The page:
Creating Advanced Entrypoints for Containers

There has been much confusion around the container entrypoint and parameters. This post will shed some light on this topic and present an script to serve as an flexible entrypoint.


A Dockerfile can contain ENTRYPOINT and/or COMMAND to specify the start behaviour of a container. The relation between the two con be described by a few basic rules:

  1. If your Dockerfile contains only COMMAND, the contained command(s) will be executed when the container starts

  2. If your Dockerfile contains only ENTRYPOINT, the contained command(s) will be executed when the container starts

  3. If your Dockerfile contains ENTRYPOINT as well as COMMAND, the commands contained in ENTRYPOINT will be executed with the command contained in COMMAND as parameters

Note that these rule are valid even when ENTRYPOINT and COMMAND contain multiple commands.

It is possible to override ENTRYPOINT by specifying the --entrypoint parameter. COMMAND is overridden by specifying parameters to the docker command line:

docker run myimage these are parameters

Shell versus Exec format

Both ENTRYPOINT as well as COMMAND can be expressed in one of two formats:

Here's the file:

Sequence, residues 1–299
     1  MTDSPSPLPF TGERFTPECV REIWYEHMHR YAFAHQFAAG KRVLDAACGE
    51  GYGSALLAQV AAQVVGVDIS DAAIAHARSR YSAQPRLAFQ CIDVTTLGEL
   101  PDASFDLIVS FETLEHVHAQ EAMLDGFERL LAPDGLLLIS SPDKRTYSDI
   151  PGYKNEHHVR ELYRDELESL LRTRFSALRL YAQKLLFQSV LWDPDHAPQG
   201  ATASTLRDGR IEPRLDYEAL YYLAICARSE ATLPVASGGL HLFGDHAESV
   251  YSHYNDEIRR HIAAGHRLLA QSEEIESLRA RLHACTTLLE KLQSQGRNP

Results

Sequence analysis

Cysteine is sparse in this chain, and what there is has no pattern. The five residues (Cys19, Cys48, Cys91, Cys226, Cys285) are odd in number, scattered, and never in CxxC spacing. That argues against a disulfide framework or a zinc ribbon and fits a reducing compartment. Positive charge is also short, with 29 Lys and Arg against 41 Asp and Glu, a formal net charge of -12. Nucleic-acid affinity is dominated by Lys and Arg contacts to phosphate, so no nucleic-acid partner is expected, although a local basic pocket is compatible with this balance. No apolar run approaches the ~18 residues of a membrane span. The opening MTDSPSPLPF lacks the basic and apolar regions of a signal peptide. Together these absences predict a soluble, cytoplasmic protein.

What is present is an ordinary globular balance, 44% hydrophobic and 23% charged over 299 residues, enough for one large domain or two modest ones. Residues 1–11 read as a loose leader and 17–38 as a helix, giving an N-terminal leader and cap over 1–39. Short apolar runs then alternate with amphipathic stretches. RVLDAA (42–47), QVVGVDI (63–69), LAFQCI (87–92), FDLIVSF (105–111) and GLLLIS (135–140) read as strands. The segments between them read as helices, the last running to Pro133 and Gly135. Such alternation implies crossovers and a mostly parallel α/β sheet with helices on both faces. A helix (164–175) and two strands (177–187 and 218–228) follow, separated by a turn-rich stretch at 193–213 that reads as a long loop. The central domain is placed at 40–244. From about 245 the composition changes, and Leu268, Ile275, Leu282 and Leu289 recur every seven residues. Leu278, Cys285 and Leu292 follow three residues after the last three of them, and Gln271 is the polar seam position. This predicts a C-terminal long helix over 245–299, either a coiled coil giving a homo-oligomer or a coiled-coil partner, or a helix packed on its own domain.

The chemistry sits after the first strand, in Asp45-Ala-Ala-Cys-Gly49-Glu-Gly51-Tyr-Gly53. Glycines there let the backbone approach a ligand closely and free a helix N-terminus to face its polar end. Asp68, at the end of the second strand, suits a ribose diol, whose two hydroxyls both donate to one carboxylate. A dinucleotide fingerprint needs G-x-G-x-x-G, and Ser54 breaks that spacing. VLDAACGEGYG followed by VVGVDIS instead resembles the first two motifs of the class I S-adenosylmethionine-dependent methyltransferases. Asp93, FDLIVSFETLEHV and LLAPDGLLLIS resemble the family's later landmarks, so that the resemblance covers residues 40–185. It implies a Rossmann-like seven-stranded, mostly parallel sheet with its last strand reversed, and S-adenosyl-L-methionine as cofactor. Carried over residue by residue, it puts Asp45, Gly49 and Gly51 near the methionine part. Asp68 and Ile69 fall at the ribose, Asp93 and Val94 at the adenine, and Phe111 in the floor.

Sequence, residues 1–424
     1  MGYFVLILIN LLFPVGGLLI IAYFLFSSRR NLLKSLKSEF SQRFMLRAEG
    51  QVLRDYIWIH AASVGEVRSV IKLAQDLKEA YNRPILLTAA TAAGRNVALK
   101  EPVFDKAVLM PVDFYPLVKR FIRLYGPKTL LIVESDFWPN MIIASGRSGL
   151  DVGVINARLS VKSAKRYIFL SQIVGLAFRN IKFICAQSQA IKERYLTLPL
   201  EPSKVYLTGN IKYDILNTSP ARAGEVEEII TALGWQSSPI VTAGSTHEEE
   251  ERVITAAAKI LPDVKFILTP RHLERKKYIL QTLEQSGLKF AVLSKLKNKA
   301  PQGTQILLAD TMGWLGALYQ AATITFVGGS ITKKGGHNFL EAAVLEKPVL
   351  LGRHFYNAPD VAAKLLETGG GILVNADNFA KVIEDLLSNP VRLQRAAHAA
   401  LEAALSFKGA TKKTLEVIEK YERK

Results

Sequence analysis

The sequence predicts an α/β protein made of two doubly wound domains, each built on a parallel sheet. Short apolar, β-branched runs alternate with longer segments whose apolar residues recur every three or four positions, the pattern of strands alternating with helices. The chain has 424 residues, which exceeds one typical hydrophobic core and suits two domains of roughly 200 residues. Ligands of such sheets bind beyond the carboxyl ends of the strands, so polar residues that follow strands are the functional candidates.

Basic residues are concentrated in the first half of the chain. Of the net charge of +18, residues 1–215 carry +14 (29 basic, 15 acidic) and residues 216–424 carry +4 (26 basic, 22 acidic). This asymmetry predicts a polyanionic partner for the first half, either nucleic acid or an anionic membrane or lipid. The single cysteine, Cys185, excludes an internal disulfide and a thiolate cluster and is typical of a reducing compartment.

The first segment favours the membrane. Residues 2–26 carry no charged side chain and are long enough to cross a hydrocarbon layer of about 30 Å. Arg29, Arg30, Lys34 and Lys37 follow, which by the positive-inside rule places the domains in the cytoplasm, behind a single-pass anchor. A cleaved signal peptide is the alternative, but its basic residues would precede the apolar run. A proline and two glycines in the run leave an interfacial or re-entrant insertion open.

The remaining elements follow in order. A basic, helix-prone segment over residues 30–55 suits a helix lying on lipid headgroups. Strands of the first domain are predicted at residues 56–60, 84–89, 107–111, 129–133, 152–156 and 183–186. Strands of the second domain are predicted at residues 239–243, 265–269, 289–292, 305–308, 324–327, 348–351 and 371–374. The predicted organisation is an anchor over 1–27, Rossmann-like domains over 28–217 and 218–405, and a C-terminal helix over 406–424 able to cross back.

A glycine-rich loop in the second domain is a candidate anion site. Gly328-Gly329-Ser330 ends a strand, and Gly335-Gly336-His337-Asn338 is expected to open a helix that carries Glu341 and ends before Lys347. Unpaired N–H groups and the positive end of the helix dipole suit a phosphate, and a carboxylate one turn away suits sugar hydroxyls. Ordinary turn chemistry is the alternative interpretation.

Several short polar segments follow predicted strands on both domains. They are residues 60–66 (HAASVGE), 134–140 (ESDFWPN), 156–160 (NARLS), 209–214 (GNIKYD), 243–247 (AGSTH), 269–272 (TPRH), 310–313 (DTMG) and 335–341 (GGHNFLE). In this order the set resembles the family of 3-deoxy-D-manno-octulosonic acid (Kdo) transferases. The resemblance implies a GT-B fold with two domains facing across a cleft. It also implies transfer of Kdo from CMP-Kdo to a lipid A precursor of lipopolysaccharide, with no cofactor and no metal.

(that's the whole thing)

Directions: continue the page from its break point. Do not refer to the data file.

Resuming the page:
1. In shell format the commands are specified as simple strings:
  COMMAND these are parameters

The commands are prefixed with the contents of the SHELL commands which defaults to /bin/sh -c.

  1. In exec format the commands are expressed as an JSON array:
  ENTRYPOINT [ "/" ]
  COMMAND [ "these", "are", "parameters" ]

In this case, the SHELL command is ignored and the commands are executed as is.

Writing an advanced entrypoint

It is always a good idea to support different ways to run a container. The default behaviour should be configured to match the primary use case. For example, if the container image is meant to run nginx, it should be started by default.

Nevertheless, it is often necessary to analyze the behaviour of a container image without building a separate image. An entrypoint can be tailored to start an interactive shell or execute arbitrary commands.

The following entrypoint (/ is making heavy use of the variable $@ which contains all the parameters passed to the script. $1 denotes the first entry of $@. The contents of $@ are updated by the command set --. At the end the updated parameters are used to execute the contained commands to replace the current process (exec).

set -o errexit

case "$1" in
        set -- "$@"
        set -- nginx "$@"

exec "$@"

The following Dockerfile embeds the above entrypoint and specifies the default parameters to execute nginx in the foreground.

FROM nginx:alpine
CMD [ "-g", "daemon off;" ]

After building the above image, it can be used in the folllowing way:

Based on this concept, container entrypoints can define more complex startup behaviour.

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